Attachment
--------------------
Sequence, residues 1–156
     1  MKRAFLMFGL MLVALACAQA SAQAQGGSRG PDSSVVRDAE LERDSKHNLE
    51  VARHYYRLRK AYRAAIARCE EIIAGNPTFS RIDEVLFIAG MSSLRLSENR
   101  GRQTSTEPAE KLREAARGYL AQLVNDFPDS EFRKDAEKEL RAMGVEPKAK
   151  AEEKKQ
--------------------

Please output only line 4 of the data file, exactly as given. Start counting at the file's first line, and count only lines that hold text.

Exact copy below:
   101  GRQTSTEPAE KLREAARGYL AQLVNDFPDS EFRKDAEKEL RAMGVEPKAK